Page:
The Party’s Over: Blueprint for a Very English Revolution

Greg requested an outline of my structural proposals for the introduction of sortition, so here goes. It’s a talk I gave recently to the University of Brighton Philosophy Society. The focus is the UK parliament, but the principles are more general.

It’s become a commonplace that our political arrangements are in bad shape. Party leaders know we’ve twigged that there is no connection between manifesto commitments and actual policies, yet for some reason we don’t call their bluff – those of us who still turn out to vote give politicians the benefit of the doubt by maintaining that polite fiction called democracy. Party membership has declined catastrophically since the middle of the last century – parties now do little more than reflect what focus groups say we want, rather than continuing to stand for a particular manner of thinking, or specific socio-economic interests. So what is the point of the party?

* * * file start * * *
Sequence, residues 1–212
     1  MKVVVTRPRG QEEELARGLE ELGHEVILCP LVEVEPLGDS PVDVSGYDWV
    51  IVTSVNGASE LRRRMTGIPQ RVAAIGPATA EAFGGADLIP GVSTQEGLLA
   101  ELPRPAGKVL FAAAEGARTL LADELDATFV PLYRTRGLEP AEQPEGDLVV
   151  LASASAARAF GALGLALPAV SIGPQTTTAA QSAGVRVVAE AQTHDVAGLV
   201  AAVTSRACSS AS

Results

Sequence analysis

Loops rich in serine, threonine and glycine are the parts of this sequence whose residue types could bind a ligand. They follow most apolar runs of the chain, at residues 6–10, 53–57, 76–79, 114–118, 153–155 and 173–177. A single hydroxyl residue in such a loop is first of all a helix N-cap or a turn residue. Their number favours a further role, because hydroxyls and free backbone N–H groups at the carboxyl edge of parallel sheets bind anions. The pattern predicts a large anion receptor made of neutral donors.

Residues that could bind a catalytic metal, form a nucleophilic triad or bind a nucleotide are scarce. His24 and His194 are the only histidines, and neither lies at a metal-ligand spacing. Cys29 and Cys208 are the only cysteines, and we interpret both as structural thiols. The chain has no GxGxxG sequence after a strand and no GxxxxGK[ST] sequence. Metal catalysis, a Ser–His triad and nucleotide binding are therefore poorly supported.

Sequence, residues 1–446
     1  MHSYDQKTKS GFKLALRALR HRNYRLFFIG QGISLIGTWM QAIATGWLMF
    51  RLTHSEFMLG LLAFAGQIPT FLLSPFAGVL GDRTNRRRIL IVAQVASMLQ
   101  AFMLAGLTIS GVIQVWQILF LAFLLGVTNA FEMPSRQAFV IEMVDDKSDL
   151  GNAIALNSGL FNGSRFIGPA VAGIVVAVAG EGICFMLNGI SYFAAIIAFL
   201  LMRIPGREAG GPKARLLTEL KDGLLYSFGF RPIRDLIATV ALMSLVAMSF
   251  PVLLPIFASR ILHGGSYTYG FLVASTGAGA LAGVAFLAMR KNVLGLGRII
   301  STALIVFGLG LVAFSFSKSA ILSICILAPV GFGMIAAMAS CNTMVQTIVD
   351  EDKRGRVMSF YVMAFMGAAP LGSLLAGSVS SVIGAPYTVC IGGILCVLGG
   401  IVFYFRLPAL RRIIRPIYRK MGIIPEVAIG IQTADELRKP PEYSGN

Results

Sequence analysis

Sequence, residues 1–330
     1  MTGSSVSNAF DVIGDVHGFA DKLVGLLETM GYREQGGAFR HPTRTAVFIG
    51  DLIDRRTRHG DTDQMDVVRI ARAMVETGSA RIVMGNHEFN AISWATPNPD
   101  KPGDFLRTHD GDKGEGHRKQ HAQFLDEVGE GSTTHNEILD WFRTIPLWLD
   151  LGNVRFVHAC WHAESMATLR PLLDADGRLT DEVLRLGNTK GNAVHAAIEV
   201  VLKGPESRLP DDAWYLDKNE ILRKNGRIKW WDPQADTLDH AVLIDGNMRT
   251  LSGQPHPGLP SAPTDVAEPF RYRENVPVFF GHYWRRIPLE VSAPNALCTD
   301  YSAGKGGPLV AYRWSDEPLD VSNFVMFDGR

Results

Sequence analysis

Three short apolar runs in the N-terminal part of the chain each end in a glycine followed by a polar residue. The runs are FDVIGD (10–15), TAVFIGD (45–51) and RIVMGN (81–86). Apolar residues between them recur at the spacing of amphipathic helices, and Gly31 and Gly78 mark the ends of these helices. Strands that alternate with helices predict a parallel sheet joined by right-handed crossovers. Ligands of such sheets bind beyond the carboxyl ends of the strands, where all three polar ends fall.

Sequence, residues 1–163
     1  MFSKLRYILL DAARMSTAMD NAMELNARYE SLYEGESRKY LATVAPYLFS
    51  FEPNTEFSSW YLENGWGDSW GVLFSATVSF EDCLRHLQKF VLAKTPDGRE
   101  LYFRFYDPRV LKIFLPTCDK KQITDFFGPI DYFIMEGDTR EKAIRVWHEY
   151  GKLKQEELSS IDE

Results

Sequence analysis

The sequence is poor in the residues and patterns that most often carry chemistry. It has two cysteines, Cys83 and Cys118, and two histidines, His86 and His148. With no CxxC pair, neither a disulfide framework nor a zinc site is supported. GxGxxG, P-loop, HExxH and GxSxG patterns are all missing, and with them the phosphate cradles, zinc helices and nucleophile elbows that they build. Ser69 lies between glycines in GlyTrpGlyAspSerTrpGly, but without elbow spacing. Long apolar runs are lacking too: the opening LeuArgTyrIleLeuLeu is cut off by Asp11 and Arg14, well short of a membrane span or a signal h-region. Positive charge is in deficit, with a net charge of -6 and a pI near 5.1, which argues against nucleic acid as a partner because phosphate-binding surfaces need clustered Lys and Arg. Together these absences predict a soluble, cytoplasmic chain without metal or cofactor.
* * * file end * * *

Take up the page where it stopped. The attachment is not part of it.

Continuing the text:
The argument that I want to put forward this evening is that tinkering around with the electoral system by introducing AV or proportional representation is just re-arranging the deckchairs on the Titanic. What is needed is clear thinking, we need to bring to bear the tools of the philosopher via:

  • A clear analysis of the relevant concepts and categories
  • A thorough understanding of the history of political thought

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